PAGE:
Can I Use A Double Needle?

We Carry
by in Sewing Tips

Can I Use A Double Needle with My Sewing Machine?

This is a very frequent question that we get asked at Heirloom Creations.

The answer is YES, if your sewing machine can sew both a straight stitch AND a zig-zag stitch. If a sewing machine can only straight stitch, a double needle can not be used.

What Sizes Do Double Needles Come In?

Double needles are measured with two numbers. The first number is the distance between the two needles measured in metric such as 1.8mm, 2.0mm, 2.5mm, 3.0mm, 4.0mm, 6.0mm, and 8.0mm. The second number is the size of both the needles: size 80 or size 90. Put together on the packages they will read: 2.0/80. This would be a double needle that is 2 millimeters wide and each needle is a size 80.

What is the Difference Between a Double Needle & a Twin Needle?

The term “double needle” and “twin needle” are used interchangeably. They are the exact same thing. 🙂

What are Double Needles Used For?

Double needles can be used for creating pintucks, parallel rows of topstitching, a simulation of a coverstitch hem (found on T-Shirt hems) and decorative stitches. It can also be used with free motion quilting. The distinct look of a zig- zag on the back is formed as the single bobbin thread links with both top threads.

Threading the sewing machine with two threads is just like threading the machine with one thread. Some sewing machines machines have two thread tension disks to separate the two threads for proper tension. Tension settings should remain normal if using regular sewing thread. Check the manual for double needle or twin needle threading directions.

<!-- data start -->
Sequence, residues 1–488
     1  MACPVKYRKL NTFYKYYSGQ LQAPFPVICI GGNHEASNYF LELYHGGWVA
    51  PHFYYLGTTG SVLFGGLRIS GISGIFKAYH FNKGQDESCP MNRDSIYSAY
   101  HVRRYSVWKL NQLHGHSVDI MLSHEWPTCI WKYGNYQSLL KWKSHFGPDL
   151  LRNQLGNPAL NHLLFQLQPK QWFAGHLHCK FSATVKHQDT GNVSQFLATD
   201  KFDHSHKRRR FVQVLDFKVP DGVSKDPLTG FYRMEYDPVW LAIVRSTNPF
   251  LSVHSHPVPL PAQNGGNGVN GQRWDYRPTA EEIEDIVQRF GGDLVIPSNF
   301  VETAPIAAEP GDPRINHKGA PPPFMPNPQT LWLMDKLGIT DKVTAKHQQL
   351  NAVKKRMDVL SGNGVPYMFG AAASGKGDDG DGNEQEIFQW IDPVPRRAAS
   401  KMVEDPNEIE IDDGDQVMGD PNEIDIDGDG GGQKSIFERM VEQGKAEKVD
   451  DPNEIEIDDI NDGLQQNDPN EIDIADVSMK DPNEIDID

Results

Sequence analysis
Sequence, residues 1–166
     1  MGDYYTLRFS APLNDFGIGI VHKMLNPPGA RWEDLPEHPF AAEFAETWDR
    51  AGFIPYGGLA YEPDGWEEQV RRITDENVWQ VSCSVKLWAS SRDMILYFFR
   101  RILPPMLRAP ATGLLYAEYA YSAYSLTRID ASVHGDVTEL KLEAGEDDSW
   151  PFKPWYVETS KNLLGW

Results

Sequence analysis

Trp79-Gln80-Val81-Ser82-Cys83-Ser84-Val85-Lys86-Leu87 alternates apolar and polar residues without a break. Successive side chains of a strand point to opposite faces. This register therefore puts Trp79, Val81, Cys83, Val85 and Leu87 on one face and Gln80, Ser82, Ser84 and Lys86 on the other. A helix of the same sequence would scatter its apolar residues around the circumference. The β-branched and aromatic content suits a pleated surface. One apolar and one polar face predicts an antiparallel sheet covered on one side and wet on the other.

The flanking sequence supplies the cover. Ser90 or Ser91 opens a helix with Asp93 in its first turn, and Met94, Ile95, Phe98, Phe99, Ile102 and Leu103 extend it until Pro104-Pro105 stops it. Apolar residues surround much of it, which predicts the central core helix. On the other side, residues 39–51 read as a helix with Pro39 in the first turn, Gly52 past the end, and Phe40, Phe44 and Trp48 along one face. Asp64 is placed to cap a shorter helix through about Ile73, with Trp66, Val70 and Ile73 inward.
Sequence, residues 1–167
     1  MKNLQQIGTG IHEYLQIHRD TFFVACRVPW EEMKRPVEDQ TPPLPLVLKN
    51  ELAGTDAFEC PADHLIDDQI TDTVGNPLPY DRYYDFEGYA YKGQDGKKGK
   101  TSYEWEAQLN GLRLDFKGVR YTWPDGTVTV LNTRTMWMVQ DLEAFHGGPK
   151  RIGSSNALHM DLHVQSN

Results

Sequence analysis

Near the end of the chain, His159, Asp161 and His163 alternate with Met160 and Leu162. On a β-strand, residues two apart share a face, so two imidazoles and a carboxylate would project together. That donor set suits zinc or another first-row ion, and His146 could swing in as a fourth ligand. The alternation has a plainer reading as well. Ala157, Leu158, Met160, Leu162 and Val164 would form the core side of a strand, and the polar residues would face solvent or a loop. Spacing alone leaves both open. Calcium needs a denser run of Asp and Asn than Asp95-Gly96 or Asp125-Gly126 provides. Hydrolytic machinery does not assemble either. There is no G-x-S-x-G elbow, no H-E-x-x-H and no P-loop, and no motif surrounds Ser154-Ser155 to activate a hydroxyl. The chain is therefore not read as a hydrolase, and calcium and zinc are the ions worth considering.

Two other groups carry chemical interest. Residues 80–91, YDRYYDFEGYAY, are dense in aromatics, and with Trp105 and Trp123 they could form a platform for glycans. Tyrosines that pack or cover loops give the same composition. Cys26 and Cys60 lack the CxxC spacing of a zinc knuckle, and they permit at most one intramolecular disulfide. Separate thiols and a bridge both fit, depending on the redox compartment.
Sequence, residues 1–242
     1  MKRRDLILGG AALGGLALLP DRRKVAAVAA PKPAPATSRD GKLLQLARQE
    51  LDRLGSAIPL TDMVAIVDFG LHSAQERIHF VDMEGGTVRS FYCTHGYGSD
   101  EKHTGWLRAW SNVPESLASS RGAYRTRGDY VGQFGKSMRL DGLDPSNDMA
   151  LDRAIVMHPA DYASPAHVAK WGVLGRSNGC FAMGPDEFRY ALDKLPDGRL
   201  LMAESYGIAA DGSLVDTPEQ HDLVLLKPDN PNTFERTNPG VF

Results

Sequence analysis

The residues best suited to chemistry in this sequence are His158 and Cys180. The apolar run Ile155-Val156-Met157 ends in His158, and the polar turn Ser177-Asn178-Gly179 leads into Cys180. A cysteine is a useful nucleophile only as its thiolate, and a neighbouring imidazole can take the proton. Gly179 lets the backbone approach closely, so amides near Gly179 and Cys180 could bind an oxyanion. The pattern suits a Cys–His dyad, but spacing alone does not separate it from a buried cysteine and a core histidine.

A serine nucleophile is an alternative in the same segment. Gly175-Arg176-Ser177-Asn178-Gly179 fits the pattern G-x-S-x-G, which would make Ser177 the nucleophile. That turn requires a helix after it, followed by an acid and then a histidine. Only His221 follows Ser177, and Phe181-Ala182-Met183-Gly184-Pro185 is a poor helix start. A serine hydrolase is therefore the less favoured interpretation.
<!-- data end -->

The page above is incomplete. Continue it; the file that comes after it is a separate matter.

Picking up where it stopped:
Pintucks are found on sheer, light weight fabrics and knits and are stitched on a single fabric layer with a pintuck foot. To run additional parallel rows, align the previous pintuck in one of the foot’s left or right grooves and sew another row. Since the fabric draws up to form the tuck, be sure to create the pintucks and THAN cut out the pattern.

To simulate a coverstitch hem found on store bought clothing, use a 4.0 or wider double needle. Check what the maximum stitch width of your sewing machine before buying a wider double needle. Stitching from the top side, position the raw edge of the hem directly underneath and between the two needles. This set up will allow the raw edge to be incased by the zig-zag on the reverse side.

Decorative stitches can take on a whole new look when using a double needle. Try different color combinations and variegated threads for unique looks. But wait! When doing any stitch other than a straight stitch, you must, you must, you must adjust the stitch width! Look to see what the maximum stitch width is of the machine and write the number down. (5.0mm? 7.0mm? 9.0mm?) Check the double needle package and write down the size (2.0mm? 4.0mm?). To set the machine so not to break the double needle subtract these two numbers: the maximum sewing machine width “ double needle size = the stitch width for using the double needle. Double check the stitch width EACH TIME a new decorative stitch is selected. Sometimes I even hand turn the machine through the first couple stitches to be absolutely sure the needle will not swing to wide and hit the edge of the foot.

Some of the newer computerized sewing machines will have a double needle limitation function to help narrow down the stitch width. Check the manual to locate this function and note how wide a double needle it is pre-programmed for.

When stitching decorative stitches (my favorite use for a double needle) select stitches that are more open and flowing. Some heavily stitched stitches may pile up when using a double needle. Test out the stitch with stabilizer to know for sure. Who knows, you might find a new favorite stitch!

For more information on Pintucks, download this FREE Pintuck Primer e-book.